Binance expands its reserves by adding 11 new tokens to PoR

Binance has expanded its Proof of Reserves system by adding 11 new tokens, including Dogecoin and Enjin Coin, increasing its reserves to more than $63 billion.

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Despite the expansion of Binance's reserve fund, customers want official audits

Yesterday, the leading crypto exchange Binance announced that it had added eleven new tokens to its Proof of Reserves (PoR) system. The tokens include Dogecoin, MASK (Mask Network), CHR (Chromia), Enjin Coin, SSV (, 1INCH (1inch Network), GRT (The Graph), CVP (PowerPool), Hashflow (HFT), WRX (WazirX) and CRV (Curve DAO Token).

With this update, Binance's reserve swelled to more than $63 billion stored in 24 assets. The largest part of the reserve fund consists of Bitcoin, Ether, and Tether.

The addition of new assets to PoR followed another upgrade - the introduction of zero-knowledge verification method zk-SNARKs in February, which, according to Binance's February 10 blog post, "allows one party, the prover, to demonstrate to another party, the verifier, that the prover had executed certain computations accurately with certain inputs under certain constraints, all without disclosing the inputs."

Read also: Binance moved $346 mln for a company processing darknet drug money

Crypto companies use PoR to prove that their customers' deposits are backed 1:1. A common PoR system is based on a Merkle tree cryptographic technique, in which a single hash value is created for a large number of integrated records of customers' balances and addresses to represent the entire dataset.

The Merkle tree-based proof contains a list of hashes that customers can use to verify that their balances are included. At the same time, the method eliminates the possibility of other balances being revealed.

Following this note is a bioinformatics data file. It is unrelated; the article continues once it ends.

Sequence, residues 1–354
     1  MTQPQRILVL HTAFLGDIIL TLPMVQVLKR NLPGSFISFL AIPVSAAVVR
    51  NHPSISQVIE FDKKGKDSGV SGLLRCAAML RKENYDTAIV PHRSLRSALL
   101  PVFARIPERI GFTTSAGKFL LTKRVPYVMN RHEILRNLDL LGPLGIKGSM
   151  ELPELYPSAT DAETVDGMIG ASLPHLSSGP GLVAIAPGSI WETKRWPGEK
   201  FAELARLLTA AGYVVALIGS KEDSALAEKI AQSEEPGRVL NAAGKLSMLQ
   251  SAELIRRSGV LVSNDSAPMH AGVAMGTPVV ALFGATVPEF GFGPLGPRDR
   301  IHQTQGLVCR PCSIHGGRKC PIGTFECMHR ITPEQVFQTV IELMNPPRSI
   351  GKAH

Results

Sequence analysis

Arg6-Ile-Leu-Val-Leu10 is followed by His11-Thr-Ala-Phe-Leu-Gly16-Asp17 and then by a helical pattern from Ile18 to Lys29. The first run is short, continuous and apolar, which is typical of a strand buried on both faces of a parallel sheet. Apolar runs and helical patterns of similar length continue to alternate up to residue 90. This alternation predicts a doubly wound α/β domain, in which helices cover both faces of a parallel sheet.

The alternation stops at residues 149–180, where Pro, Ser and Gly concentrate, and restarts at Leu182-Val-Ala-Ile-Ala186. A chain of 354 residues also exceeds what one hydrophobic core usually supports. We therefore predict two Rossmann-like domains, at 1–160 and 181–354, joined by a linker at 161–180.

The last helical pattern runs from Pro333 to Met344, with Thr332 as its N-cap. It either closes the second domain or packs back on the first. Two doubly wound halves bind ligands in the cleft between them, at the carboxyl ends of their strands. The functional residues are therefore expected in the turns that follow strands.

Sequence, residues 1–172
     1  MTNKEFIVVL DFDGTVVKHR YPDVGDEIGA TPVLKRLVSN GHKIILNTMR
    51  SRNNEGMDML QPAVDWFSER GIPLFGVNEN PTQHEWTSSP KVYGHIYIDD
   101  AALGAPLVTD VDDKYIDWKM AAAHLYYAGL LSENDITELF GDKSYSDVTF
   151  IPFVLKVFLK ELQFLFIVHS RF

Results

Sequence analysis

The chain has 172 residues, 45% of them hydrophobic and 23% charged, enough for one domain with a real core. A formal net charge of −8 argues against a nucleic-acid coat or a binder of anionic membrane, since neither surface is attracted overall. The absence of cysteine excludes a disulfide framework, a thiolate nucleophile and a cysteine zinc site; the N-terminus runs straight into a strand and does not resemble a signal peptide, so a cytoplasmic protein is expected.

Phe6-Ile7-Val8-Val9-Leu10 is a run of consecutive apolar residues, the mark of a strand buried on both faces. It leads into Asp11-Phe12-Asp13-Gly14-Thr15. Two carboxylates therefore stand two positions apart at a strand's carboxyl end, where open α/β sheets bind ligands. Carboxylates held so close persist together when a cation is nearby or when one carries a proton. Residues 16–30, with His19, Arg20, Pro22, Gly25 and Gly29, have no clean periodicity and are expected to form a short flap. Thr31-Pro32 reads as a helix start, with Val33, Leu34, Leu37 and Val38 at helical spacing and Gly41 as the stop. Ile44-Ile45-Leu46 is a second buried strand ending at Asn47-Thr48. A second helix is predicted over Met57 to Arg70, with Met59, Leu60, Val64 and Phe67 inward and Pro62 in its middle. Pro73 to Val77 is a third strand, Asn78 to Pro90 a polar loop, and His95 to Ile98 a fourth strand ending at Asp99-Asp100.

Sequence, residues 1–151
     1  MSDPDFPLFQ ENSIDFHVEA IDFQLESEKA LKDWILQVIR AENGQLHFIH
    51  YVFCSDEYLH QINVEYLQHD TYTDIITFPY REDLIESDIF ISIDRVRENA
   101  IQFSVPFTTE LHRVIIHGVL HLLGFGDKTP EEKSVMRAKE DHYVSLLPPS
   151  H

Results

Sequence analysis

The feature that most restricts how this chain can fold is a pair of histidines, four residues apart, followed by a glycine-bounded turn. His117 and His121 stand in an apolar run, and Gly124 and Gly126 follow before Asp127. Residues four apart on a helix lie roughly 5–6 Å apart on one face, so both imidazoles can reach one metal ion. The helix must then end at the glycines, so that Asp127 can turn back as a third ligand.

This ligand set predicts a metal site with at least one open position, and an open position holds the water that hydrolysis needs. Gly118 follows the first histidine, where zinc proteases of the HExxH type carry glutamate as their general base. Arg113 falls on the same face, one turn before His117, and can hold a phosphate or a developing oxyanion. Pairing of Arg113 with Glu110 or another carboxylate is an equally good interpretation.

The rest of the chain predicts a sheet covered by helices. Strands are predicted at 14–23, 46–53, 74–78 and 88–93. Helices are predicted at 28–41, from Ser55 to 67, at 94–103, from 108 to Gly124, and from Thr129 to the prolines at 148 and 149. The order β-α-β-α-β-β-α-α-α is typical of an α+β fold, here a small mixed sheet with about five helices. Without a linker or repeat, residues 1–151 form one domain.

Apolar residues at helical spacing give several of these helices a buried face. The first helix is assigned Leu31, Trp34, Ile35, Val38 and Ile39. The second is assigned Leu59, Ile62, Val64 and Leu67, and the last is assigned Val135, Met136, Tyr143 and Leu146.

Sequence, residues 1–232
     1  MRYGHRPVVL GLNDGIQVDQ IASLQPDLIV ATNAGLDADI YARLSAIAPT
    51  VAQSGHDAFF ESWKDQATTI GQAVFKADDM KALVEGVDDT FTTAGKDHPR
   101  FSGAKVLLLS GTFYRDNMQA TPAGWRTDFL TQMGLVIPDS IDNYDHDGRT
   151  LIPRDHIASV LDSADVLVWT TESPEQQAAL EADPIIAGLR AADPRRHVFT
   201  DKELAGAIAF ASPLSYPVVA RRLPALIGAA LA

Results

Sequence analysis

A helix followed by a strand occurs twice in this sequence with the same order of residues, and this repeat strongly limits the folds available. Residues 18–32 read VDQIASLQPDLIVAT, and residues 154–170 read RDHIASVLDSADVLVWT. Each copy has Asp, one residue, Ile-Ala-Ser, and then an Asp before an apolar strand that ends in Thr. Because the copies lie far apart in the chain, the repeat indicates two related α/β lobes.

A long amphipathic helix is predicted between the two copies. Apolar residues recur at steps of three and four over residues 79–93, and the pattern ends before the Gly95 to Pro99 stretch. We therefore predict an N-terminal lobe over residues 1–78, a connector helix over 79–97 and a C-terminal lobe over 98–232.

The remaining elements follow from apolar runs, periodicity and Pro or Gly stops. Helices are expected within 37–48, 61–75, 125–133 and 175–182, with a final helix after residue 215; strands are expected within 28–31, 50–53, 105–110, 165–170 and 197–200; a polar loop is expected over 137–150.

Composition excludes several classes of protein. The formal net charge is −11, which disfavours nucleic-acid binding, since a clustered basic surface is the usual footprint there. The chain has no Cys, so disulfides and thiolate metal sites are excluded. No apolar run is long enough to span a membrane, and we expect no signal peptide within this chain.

Binance's PoR also relies on the Merkle tree. In the same post, the company claimed that by using the technique together with zk-SNARKs, they can prove that "all leaf nodes of the Merkle tree have contributed to Binance’s claimed total user balance of each asset," and "there is no user with a negative total net balance (an overall USD value of all assets the user holds) included in the Merkle tree."

Binance promises to publish the Merkle tree, which contains the hashes for each user of the platform, as well as "zk-SNARK proofs and public input (a hash of the list of total net balances of each asset and the Merkle root) of the circuit for all users" every time the company will be providing the proof of its reserves.

Customers expect more transparency

Although Binance appears to take the financial safety of its customers very seriously, some investors still concerned that the company provides rather limited financial disclosure. For example, Binance is often compared to another major crypto exchange, Coinbase, which is officially registered as a publicly traded company in the United States. This status forces Coinbase to undergo regular audits and disclose its financial results.

Despite auditing Coinbase, Deloitte, along with other leading accounting firms such as KPMG, Ernst & Young, and PricewaterhouseCoopers, resigned from working with Binance. Binance tried audits from Mazars Group, another auditor often chosen by crypto exchanges, but the firm stopped working with all crypto clients last December following the collapse of FTX.

Some Twitter users believe that an official audit by a third party will be the strongest proof of Binance's credibility. "Audit everything 100x over. Words mean nothing," tweeted user Alex Becker.

Read also: O'Leary: Binance intentionally put FTX out of business

A finance blogger Frances Coppola published an article on February 16, outlining her belief in the inability of PoR to prove that customers' deposits are safe, regardless of whether the business is audited by a third party. Coppola called the PoR method a "proof of nothing":

"Proving Binance was fully reserved at all times across all assets would be a formidable undertaking. Even Mazars' limited proof of reserves covering BTC and two derivatives on four blockchains failed to prove that Binance was holding the same quantity and mix of assets as its customer balances. A full proof of reserves would need to cover every coin traded on Binance, with its derivatives, on every blockchain supported by Binance."

According to Coppola, there are strong doubts that "any exchange, let alone an external auditor, is capable of proving a reserve position as complex as this."